4 BIOMES CHAPTER 6 Earth s biomes 6.1 CLIMATES AND BIOMES 111

5 CHAPTER 6 BIOMES Plants and animals in biomes Communities Adaptations Ecosystems How many roles? A biome is characterized by its plant and animal communities. The plants and animals in a community interact with each other and survive in a shared environment. The plants and animals in the environment have adaptations that allow them to obtain enough resources (such as food, water, or sunlight) to survive in the environment. For example, how might an animal survive in a hot desert? Jackrabbits have an adaptation to keep cool enormous ears with many blood vessels near the surface (Figure 6.4). Blood running through the vessels speeds up heat transfer from the jackrabbit s body to the air so it stays cooler. Biomes are large geographic areas. Within a biome, there are many interrelated ecosystems. An ecosystem is made up of the plants and animals that live there, plus nonliving things like soil, air, water, sunlight, and nutrients. The living and nonliving parts of an ecosystem work together, and each organism plays an important ecological role. On a baseball team, for example, important roles include coach, pitcher, catcher, outfielders, and infielders. Similarly, organisms play roles in their ecosystem. The number and types of organisms that an ecosystem can support depends on the resources available (food sources) and on environmental factors, such as the amount of available sunlight, water, and the temperature. For plants, another important factor is soil composition. The roles within a biome ecosystem depend on the quantity and type of resources. Each ecosystem of a particular biome type has organisms that play similar roles. For example, both a rainforest in South America and a rainforest in Australia have predators, herbivores, and decomposers suited to surviving in the rainforest environment. Figure 6.4: The large ears of a jackrabbit help this desert animal to cool down. Biodiversity Answer the following questions. 1. What does the term diversity mean? 2. What does the term biodiversity mean? 3. Does this statement surprise you? Why or why not? The biodiversity of the desert is greater than for other biomes with the exception of the tropical rainforest. 4. Why is biodiversity in an ecosystem important? 112 UNIT 2 ORGANISMS AND THE ENVIRONMENT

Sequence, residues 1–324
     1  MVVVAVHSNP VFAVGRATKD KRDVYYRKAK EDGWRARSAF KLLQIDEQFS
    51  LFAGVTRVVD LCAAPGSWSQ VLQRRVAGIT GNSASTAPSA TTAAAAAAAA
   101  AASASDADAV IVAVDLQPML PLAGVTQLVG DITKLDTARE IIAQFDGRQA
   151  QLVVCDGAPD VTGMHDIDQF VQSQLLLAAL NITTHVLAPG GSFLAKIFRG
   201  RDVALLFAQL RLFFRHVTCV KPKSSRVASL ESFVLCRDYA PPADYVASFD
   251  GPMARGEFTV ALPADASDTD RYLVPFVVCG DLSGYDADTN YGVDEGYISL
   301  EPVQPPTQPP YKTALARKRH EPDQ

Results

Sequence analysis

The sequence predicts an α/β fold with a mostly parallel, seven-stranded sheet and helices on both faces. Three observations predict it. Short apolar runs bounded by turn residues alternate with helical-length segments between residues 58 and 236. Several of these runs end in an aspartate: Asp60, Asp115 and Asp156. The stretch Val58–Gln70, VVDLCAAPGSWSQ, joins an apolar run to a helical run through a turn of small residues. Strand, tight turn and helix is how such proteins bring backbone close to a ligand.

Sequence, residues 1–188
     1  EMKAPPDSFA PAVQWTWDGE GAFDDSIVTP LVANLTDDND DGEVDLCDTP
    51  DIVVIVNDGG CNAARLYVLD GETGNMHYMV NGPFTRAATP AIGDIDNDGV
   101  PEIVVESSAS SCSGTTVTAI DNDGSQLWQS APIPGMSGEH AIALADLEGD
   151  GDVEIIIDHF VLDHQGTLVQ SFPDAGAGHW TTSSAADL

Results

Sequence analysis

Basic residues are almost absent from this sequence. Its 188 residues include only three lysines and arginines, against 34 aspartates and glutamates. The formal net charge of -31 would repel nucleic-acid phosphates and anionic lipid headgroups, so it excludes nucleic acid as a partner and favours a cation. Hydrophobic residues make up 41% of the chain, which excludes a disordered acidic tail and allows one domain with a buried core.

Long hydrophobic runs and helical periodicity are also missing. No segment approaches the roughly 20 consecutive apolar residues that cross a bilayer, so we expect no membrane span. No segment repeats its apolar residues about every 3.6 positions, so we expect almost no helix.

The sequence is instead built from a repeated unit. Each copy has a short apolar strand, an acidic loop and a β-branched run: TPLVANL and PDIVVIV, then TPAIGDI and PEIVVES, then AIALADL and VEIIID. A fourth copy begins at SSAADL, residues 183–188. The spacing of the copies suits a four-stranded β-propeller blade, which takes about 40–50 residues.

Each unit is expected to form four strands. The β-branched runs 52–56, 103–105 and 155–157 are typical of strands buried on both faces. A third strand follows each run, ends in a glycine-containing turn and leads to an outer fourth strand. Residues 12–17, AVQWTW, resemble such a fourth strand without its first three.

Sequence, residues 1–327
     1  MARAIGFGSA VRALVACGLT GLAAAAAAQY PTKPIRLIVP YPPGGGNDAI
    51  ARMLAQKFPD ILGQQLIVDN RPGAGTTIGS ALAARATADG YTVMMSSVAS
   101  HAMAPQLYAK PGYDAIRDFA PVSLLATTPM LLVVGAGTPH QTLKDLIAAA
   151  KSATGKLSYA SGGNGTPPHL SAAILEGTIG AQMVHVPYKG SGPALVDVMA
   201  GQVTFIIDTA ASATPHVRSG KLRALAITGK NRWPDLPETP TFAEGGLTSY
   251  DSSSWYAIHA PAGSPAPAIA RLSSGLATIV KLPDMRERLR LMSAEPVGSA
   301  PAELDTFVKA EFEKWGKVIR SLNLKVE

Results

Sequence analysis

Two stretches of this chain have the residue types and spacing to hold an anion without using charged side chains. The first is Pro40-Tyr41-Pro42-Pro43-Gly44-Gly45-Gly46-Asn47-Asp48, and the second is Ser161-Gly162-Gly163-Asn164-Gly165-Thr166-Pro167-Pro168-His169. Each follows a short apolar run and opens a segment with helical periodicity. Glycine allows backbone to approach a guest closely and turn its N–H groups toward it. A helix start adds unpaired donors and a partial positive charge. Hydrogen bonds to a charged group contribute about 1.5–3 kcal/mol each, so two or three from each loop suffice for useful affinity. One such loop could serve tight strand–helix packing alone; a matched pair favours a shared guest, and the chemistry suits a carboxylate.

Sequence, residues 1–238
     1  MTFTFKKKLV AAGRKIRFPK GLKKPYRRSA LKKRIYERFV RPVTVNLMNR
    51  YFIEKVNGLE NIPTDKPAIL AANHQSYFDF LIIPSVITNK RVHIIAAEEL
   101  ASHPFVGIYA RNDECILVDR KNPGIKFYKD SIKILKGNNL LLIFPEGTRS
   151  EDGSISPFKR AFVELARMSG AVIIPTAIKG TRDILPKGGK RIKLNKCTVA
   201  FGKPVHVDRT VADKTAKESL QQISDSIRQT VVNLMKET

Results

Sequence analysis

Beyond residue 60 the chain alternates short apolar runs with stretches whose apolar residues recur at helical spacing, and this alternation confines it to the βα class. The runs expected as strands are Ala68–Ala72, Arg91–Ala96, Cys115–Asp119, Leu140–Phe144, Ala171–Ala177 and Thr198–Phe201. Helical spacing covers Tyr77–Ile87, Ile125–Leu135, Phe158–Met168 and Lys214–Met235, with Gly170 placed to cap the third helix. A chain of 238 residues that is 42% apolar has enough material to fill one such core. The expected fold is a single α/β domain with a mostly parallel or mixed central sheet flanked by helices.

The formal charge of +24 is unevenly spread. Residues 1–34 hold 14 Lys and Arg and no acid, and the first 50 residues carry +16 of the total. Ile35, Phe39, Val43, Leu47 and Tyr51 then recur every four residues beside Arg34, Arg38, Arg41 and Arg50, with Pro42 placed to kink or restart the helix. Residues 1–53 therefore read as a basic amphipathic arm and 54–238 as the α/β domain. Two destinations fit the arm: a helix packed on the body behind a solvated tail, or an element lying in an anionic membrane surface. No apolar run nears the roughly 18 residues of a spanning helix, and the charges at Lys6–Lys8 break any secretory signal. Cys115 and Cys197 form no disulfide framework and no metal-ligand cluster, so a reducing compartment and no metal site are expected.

6 BIOMES CHAPTER Section Review 1. What is the main source of energy for weather? 2. Are climate and weather the same thing? If not, explain how these terms are different. (Hint: For more information, review Chapter 6.) 3. Write your own definitions of the terms ecosystem and biome. What is the difference between these terms? 4. The latitude and relative humidity of a region are used to define a biome. Why is humidity an important factor? 5. What happens to the intensity of solar radiation and Earth s average yearly temperature as you move from the equator to the South Pole or North Pole? 6. A jackrabbit has large ears that help it cool down in its desert biome. a. Would this adaptation (the large ears) be a useful adaptation to have in a cold weather environment? Why or why not? b. Make a prediction: What kinds of adaptations might be useful for a rabbit to have if it lives in Alaska (tundra biome)? 7. A photograph of an Arctic hare is shown in Figure 6.5. This animal lives in cold environments. a. What adaptations do you see that this animal has? b. How does the appearance of this animal compare to the jackrabbit in Figure 6.4? 8. The main grass in a grassland in North America is prairie grass. The main grass in a South American grassland is pampas grass. Would you expect the ecological role of these grasses in these two locations to be the same or different? Explain your answer. What s your climate? 1. From the reading, list the factors that affect the climate of an area. 2. Use these factors to describe the climate where you live. Figure 6.5: An Arctic hare. 6.1 CLIMATES AND BIOMES 113